I don't think it was missed exactly, as far as I remember Mrs Templeton had always been offered as a possible explanation - I must admit that I never quite saw it until I saw the colour corrected version, which made it so much clearer - I could never quite understand how the 'visor' with the white 'helmet' could be someone's head, but it makes absolute sense now.
This suggestion fits really well with what we see. And it give me an idea....
Look what happens when I rotate the picture about 15 degrees to the left, as viewed.
I immediately get the impression of someone running. That curious elbow becomes naturally bent, and there's a hint of balanced movement from what little we see the left arm.
We then see (by tilting the picture even more to the left) that the 'hood' may represent the metacentre horizontal datum relative to gravity...
Lightweight hoods tend to bounce with movement to a position of neutral repose in the vertical axis. But note how there is a horizontal displacement to the right, belayed by the neck (as viewed)....just as there would be from the wind/draught effect, as someone runs or dives rapidly into a light headwind.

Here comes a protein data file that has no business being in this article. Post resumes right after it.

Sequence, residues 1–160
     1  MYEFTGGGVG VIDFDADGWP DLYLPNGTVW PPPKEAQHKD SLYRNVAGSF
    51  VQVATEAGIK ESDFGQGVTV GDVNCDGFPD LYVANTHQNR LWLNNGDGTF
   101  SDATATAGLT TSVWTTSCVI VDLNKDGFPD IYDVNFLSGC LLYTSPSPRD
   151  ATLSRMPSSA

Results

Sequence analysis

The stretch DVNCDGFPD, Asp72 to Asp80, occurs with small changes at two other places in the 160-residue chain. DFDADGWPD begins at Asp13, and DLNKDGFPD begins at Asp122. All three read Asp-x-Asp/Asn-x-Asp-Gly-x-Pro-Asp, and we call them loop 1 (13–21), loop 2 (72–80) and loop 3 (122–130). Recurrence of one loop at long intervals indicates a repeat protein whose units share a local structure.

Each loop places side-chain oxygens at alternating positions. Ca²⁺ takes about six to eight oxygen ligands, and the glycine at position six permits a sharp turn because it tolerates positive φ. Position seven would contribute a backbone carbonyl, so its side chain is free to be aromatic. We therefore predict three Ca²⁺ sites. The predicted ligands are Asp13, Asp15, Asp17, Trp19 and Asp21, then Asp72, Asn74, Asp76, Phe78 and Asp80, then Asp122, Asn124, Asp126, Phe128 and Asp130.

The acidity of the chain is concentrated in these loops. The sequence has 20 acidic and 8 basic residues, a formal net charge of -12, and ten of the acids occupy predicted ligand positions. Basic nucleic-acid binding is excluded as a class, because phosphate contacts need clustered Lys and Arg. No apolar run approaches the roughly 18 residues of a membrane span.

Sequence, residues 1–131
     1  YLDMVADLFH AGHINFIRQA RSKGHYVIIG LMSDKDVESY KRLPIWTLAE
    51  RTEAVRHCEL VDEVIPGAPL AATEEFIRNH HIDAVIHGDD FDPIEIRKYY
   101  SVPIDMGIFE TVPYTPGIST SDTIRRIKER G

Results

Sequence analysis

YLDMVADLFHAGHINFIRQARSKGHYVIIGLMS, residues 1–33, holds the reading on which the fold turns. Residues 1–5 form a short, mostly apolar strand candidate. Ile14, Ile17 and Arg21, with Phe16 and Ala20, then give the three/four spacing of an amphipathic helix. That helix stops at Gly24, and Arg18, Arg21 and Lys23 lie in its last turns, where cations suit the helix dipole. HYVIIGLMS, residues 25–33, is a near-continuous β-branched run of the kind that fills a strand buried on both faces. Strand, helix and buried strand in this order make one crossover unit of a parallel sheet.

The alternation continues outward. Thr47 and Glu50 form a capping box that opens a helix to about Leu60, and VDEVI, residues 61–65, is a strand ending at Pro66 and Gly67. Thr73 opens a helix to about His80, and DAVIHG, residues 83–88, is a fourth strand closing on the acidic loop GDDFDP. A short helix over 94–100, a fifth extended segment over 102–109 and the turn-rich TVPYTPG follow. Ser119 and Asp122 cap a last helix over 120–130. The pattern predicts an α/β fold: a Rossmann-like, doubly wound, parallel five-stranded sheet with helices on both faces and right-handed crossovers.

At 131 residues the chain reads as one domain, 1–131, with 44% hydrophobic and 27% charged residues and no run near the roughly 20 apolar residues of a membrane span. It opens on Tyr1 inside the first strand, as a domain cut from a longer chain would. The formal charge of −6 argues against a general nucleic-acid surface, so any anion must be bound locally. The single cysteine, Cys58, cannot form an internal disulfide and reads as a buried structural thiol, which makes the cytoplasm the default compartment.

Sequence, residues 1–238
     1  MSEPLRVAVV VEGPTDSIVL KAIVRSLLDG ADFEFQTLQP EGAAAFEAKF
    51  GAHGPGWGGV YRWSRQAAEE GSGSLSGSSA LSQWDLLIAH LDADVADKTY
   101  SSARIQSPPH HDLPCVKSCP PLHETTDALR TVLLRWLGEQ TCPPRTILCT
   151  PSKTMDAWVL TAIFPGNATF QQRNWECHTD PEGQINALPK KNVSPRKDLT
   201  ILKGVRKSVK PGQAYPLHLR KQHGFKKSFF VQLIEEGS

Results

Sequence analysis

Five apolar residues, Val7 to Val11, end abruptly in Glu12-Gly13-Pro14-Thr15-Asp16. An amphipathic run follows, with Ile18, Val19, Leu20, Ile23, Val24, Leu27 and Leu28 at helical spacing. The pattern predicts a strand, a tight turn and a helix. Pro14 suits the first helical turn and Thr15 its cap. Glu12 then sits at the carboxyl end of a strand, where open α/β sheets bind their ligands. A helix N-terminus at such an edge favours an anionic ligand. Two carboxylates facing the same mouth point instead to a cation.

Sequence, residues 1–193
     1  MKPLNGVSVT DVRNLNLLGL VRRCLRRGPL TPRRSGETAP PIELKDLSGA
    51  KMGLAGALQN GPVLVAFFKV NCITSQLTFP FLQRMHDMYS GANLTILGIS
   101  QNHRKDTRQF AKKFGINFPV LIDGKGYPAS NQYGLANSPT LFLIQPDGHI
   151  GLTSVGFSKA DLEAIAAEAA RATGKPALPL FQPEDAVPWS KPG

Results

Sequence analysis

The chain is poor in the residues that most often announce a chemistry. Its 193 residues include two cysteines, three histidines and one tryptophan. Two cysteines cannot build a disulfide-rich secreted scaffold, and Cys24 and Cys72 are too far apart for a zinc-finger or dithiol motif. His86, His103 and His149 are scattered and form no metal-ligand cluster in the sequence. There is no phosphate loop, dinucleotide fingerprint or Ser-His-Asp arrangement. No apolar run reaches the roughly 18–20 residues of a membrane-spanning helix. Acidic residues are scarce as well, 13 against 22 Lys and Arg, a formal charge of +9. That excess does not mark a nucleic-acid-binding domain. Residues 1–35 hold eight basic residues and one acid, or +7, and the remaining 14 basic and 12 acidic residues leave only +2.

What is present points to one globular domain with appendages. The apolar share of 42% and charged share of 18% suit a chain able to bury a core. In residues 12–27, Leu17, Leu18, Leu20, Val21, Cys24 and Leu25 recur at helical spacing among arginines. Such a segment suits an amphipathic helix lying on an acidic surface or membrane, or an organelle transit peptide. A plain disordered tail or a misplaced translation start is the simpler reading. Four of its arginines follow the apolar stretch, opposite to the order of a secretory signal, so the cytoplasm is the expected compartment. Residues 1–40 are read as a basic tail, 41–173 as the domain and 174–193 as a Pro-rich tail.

Ignore the grain-lines, look at how this does start to feel like someone pitched forwards, moving fast.
And could that be a face profile along the left-hand side, leading edge??
Does that look like a raglan sleeve join, tailing down at a lazy 45deg from the 'hood'? Is that dark blob under the 'hood' simply a trapped shadow?
It was always a weird idea to think some kind of 'astronaut'..alien or human.. was standing there.
I mean what would a human astronaut be doing there right at that moment and is it very likely that any 'space alien' would dress the same way we would in similar astronaut gear..?
Digital correction/alteration of photographs is relatively-recent: traditional 'wet' lab handling (or mishandling) of photonegative film stock could've helped show-up this prosaic mumsplanation decades ago.
It's a long time since I was taught (as a propa student) classic photography C41 film processing, and (whilst that could not easily-reproduce the instant feedback variety & range of colour options that digital photoediting provides to everyone) it's intriguing that this rigour was never applied within the era of the picture's origin.
Particularly since I seem to remember that a key plank in the professed veracity of this image is that Kodak themselves spoke to it's evident unamendedness*.
(ps there will be a better word than 'unamendedness', but I'm damned if I can think right now what it would be)